For some of us, there is no more beloved a story than Little Women. Discussions about spoiled Amy versus quirky Jo, or breaking down the pros and cons of Laurie against Professor Bhear can be the formative pop culture discussion of our (albeit a little nerdy, yes) youth.
Happily, fans won’t be disappointed with Greta Gerwig’s sweet, sharp, and surprisingly funny version. The story of four very different sisters and their hopes and dreams remains quite vibrant. We’ve got eager-to-please eldest Meg (Emma Watson), spunky tomboy Jo (Saoirse Ronan), sweet and sickly Beth (Eliza Scanlen), and bratty Amy (Florence Pugh). Gerwig keeps in all the childish hijinks you remember — pickled lime bets and living room plays and burnt hair — but it becomes clear rather quickly that this will be a decidedly more adult adaptation.
Reveling in the same sweet spot that made Lady Bird such a success, the most powerful moments are when the characters are grappling with big feminist questions in a small domestic way.
Reveling in the same emotional sweet spot that made Gerwig’s mainstream breakthrough Lady Bird such a success, the most powerful moments of Little Women are when the characters are grappling with big feminist questions in a small domestic way. Jo faces an internal struggle between following her dreams to be a big-city writer and the societal pressure to be a wife and mother, Meg tangles in jealousy and hurt, and Amy delivers a clear-eyed analysis of what is most important in a marriage. It’s potent to see versions of the same questions women are dealing with in 2019 portrayed in such a compassionate way. The circumstances of our lives may be different, but these questions endure, for better or worse.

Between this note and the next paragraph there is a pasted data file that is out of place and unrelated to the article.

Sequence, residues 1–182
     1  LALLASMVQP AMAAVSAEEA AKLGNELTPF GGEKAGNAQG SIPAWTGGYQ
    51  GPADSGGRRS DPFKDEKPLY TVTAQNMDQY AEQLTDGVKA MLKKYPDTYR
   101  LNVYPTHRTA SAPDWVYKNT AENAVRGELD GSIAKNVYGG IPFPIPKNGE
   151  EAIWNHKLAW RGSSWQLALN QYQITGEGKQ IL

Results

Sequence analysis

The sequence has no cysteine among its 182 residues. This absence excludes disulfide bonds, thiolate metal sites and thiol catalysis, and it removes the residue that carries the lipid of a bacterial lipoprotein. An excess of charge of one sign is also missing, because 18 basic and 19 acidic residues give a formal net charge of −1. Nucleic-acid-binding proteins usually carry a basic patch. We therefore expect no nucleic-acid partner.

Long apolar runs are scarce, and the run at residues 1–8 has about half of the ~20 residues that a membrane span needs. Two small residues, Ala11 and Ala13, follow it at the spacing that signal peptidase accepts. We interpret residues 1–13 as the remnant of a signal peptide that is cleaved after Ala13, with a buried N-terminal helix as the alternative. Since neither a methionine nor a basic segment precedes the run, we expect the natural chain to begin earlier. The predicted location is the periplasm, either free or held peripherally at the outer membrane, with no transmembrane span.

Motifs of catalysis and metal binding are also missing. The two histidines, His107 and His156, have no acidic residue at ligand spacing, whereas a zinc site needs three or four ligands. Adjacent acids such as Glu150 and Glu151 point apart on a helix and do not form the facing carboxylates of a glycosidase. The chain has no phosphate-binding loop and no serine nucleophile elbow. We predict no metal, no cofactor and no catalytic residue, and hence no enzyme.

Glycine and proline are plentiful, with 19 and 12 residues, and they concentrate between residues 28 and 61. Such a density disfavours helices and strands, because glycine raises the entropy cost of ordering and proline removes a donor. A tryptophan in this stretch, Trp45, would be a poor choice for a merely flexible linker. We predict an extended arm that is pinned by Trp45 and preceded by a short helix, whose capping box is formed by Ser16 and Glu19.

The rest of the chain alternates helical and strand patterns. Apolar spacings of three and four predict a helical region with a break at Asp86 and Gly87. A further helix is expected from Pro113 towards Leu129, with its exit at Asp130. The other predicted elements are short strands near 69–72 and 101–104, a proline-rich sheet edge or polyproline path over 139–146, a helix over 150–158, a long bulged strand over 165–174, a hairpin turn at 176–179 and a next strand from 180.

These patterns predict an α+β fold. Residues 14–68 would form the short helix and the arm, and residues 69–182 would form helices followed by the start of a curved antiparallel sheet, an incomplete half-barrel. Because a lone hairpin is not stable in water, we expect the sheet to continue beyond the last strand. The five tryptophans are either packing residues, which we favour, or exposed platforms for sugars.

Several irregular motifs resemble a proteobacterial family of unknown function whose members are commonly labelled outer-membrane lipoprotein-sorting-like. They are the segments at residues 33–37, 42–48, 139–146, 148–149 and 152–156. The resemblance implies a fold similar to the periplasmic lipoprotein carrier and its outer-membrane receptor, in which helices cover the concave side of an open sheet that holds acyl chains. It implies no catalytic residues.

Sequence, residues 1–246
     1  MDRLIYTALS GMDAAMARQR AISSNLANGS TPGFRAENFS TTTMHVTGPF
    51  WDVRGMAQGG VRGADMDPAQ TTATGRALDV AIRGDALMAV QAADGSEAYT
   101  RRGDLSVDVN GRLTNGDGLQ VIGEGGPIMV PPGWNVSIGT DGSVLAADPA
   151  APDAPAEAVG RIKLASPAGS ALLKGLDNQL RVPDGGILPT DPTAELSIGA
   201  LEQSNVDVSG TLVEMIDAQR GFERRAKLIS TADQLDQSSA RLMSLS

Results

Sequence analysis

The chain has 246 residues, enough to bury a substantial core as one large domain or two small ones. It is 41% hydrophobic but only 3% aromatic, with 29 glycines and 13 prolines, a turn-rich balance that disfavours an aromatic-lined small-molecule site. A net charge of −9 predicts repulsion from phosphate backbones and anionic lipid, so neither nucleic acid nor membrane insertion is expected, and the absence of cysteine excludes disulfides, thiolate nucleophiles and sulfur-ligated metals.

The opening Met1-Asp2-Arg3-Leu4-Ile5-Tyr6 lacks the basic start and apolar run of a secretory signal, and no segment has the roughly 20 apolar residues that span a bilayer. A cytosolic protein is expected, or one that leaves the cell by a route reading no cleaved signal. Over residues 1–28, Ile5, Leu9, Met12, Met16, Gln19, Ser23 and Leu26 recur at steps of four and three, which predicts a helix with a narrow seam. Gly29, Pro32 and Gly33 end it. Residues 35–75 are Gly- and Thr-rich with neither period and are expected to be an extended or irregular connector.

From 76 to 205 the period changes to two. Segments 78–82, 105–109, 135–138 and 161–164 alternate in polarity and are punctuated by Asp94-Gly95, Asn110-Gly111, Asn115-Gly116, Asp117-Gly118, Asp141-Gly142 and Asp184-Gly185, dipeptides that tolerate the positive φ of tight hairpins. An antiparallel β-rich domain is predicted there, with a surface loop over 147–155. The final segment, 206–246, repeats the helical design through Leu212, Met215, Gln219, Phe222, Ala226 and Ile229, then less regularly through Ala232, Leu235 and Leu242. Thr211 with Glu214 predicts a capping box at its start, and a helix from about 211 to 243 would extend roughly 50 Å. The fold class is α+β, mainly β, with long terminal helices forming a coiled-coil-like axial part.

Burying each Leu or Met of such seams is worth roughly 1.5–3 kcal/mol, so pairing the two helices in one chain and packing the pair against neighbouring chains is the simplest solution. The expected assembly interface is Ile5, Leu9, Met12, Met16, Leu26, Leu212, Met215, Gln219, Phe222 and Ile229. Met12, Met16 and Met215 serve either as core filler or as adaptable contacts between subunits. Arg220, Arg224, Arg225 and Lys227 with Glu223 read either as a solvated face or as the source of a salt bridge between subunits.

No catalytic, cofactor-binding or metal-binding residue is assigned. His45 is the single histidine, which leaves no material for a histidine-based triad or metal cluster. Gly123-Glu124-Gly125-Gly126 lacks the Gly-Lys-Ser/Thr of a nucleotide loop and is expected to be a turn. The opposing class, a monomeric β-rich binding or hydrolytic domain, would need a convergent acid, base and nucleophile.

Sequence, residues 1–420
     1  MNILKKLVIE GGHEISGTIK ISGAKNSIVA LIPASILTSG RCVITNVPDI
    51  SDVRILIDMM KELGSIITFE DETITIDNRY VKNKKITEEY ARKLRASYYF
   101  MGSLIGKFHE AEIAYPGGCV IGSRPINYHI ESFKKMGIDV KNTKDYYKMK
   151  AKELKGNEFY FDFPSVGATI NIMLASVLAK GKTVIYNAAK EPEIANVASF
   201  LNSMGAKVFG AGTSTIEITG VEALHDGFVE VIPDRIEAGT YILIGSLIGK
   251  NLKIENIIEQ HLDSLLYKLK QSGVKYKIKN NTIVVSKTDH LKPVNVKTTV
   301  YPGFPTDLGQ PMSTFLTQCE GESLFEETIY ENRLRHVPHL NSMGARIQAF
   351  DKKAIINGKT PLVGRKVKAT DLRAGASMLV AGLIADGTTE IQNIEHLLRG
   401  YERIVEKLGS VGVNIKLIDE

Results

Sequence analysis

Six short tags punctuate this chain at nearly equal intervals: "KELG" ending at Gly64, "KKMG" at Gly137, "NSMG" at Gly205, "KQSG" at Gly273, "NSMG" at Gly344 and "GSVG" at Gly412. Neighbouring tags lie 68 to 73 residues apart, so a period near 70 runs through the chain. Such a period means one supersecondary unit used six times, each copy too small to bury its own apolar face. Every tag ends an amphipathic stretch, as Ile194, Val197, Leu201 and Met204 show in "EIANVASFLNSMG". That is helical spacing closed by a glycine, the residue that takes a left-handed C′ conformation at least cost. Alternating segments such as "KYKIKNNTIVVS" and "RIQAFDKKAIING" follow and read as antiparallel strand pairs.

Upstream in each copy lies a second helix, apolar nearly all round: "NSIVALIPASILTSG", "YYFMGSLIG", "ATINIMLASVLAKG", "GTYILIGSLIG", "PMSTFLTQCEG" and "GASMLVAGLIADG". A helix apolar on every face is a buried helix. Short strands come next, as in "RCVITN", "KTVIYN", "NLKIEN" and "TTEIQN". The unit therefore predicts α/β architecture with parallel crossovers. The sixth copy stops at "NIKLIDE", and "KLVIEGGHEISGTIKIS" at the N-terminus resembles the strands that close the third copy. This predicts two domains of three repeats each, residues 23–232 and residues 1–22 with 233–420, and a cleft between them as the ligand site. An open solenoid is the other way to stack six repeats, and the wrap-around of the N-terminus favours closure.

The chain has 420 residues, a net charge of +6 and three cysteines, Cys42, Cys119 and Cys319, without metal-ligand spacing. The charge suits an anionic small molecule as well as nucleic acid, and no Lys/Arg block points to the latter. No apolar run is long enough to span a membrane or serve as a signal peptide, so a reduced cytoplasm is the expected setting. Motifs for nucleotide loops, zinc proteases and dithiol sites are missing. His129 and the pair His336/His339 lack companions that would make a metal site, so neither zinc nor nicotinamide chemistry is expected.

Speaking of Amy, Pugh is Oscar-worthy outstanding. In many previous versions, the character gets shortchanged a bit, remembered for her spoiled, little girl tantrums and her conflicts with Jo. It was gratifying to see Gerwig and Pugh team up for something better this time around — a thoughtful look at a young woman with a lot of family pressure who makes choices that we may not agree with, but we certainly understand. Pugh brings dimension to even the character’s shallowest moments, not to mention supplying some of the film’s biggest laughs.
Her storyline also benefits the most from the biggest risk this adaptation takes. Instead of unfolding chronologically, Gerwig shakes up the timeline so we are bouncing all around over seven years. Sometimes we’re in a certain month or year for merely a scene, sometimes much longer. This allows for strong emotional wallops, heartwarming reunions, and love stories that unfold in unexpected ways. It also can occasionally be a bit confusing, especially for those who didn’t sparknote a Little Women recap beforehand. A quibble, but it’s slightly disorientating.
The touching beats still deliver, however. I’m being purposefully opaque here, but Timothée Chalamet as rich boy next door Laurie is properly devastating, and his relationship with Jo is heartbreaking in the best way. As Jo, Ronan is stunning. Between her playful energy in flashback and her exhausted world-weariness later on, she hits the treasured role out of the park. Viewers will be thinking about her tearful, broken speech about being tired of being lonely long past the point when it inevitably plays at the Oscars.
But it’s not just two hours of heartbreak. The joy shines through, particularly the stunning final 20-ish minutes, which for my money are among the most pleasurable available at the movies this year. By showing what is also explicitly stated — that the inner lives of young women matter, and are stories worth telling — Gerwig finds something special and new in the old tale, and reminds us of the thrilling power of discovering your voice. She and Ronan thread a wonderful needle about the dichotomy of what we want from our female protagonists, and stick one hell of a heartfelt, uplifting landing.
Not too shabby for a story that’s 160 years old.
Little Women is in theaters Dec. 25.